On June 2, Van Cleef & Arpels will unveil “A New Art: Metamorphoses of Jewelry, 1880-1914,” a Paris exhibition that focuses on nearly 100 items from a period that spanned the Art Nouveau era, many designed by the most leading craftsmen of the age such as René Lalique, Georges Fouquet and Henri Vever.
“Art Nouveau is a subject that we have not covered in our exhibitions in the past, and we always try to look at it from different angles, different time periods and different cultures when programming our shows,” said Lise Macdonald, the president of L’ École, School of Jewelry Arts of the brand. The most recent show featured gold ornaments from China over several centuries.
Reservations can be made on the school’s website for the free exhibition, which will be held through September 30 in the 18th-century building of L’École near Place Vendôme (with a break from August 5-21). Most of the objects on display, on loan from brands and institutions such as the Musée d’Orsay, have distinctive Art Nouveau details: curved lines, a combination of precious materials and everyday materials such as glass and tin, and images inspired by nature or fantasy.
But the movement, which had its heyday from about 1890 to 1910, was not limited to jewelry. “The vision of Art Nouveau was that it affects all the arts,” says Paul Paradis, a teacher at L’École who worked on the exhibition. “It was a total design concept, from the ceiling to the floor to the door handles.”
None of the jewelry — including a Lalique necklace in gold, enamel, glass, and platinum with dangling pendants resembling women with vivid green and cobalt blue butterfly wings around their legs — was made by Van Cleef, which opened its first shop on Place in 1906 Vendome .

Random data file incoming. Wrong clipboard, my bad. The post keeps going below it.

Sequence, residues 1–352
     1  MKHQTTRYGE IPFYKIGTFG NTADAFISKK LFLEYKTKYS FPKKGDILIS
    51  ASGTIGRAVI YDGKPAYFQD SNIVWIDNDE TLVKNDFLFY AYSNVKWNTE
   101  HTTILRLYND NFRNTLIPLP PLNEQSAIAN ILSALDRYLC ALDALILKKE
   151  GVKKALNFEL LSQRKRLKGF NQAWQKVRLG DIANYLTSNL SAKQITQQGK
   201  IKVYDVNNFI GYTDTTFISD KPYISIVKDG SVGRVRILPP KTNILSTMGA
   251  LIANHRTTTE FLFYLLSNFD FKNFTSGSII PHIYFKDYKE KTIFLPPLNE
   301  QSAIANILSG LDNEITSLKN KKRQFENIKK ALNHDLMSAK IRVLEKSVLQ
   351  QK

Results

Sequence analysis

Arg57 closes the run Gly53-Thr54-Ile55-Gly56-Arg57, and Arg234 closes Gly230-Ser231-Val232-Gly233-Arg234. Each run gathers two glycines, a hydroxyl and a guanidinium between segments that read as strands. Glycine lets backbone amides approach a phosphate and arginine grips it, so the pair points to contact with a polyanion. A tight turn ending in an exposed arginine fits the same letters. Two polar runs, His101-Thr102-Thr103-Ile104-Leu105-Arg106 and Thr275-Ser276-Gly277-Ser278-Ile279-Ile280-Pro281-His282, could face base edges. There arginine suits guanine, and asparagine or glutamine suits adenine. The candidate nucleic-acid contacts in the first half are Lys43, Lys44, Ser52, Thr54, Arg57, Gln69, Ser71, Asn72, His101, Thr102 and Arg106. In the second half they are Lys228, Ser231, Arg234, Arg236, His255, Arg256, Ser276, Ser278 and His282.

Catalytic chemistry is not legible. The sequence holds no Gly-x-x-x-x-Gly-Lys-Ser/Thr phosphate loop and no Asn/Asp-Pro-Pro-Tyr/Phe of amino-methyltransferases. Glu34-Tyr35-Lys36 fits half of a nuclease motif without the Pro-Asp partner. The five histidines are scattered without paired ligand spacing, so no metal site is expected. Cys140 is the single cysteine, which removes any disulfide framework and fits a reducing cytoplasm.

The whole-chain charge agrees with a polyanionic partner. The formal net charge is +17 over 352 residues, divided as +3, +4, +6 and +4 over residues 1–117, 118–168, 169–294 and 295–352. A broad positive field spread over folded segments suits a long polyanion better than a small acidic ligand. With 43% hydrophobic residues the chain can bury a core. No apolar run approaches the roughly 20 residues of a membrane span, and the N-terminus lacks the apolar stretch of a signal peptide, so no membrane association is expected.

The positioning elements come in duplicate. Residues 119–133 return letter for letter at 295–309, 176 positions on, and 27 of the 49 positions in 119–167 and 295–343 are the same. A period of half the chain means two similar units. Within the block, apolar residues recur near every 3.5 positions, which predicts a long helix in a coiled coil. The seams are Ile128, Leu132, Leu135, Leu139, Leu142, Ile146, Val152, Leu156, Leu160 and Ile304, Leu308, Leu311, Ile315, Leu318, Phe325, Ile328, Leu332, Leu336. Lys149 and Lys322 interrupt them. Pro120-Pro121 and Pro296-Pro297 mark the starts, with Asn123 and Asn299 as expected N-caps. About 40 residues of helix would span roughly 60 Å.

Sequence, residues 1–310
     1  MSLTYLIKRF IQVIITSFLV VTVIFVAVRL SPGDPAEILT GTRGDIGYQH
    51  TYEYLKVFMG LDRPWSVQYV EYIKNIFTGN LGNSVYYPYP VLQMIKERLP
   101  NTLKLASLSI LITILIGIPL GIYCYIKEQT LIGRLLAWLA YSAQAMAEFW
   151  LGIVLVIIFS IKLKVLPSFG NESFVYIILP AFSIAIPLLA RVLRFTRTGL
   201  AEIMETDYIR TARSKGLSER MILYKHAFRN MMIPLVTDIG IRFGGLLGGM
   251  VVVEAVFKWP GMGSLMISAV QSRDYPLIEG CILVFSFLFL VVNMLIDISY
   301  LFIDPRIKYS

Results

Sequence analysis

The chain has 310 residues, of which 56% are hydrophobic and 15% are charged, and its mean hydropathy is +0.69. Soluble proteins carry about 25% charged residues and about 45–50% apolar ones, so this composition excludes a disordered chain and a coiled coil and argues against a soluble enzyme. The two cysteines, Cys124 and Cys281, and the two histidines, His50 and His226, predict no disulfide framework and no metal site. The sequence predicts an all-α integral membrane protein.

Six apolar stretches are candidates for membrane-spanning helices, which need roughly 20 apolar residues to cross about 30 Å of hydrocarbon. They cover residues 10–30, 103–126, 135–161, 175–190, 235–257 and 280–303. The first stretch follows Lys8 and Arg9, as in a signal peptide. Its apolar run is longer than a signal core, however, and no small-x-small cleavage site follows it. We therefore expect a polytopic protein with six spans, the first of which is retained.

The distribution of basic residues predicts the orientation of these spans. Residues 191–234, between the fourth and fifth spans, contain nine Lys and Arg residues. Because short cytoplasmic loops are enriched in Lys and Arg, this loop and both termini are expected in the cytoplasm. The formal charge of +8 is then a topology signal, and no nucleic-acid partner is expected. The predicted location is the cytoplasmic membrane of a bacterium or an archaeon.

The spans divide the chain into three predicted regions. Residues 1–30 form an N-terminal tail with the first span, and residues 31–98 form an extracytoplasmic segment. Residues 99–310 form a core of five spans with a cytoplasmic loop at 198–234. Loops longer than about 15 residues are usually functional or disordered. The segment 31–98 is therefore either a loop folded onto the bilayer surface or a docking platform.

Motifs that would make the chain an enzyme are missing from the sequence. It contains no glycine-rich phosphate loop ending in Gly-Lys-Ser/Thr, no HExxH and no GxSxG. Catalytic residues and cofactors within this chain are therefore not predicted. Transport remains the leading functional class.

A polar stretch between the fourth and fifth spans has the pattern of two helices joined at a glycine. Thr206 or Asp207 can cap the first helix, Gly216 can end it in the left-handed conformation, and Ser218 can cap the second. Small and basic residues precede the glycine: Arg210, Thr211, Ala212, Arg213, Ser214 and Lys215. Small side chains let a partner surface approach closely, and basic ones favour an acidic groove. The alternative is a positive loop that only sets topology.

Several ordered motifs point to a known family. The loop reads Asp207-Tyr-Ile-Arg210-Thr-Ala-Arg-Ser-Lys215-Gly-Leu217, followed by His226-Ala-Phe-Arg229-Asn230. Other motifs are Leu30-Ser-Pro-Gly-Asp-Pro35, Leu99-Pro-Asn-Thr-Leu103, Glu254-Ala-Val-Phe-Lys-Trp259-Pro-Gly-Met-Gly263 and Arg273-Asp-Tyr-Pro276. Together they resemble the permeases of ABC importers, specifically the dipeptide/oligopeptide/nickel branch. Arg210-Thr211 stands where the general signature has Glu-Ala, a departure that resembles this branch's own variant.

“The school’s mandate is not to focus on Van Cleef & Arpels,” Ms Macdonald said; it is intended “to speak to the wider public about the history of jewelry, about the know-how and about gemology.” In the period represented in the exhibition, Van Cleef focused more “on abstractions and symmetry and the trend of Art Deco.”
Joanna Hardy, a fine jewelery specialist in London who is not affiliated with the school, said L’École is more concerned with education than marketing. “Just because they didn’t make it doesn’t mean they wouldn’t show it,” she said.
Still, the show’s theme seems to reinforce the brand’s positioning.
Van Cleef “is trying to use Nouveau to say, ‘We’re about craftsmanship — it’s not just about the gold you buy or the diamonds you buy,'” says Akshay Madane, a partner at the management consulting firm Kearney.
Other luxury brands have used museum sponsorships and exhibitions to sell similar stories, he said. “They try to educate and inspire, and they do it slowly in a subtle way so as not to come across as salesy, because that’s not what these brands are about.”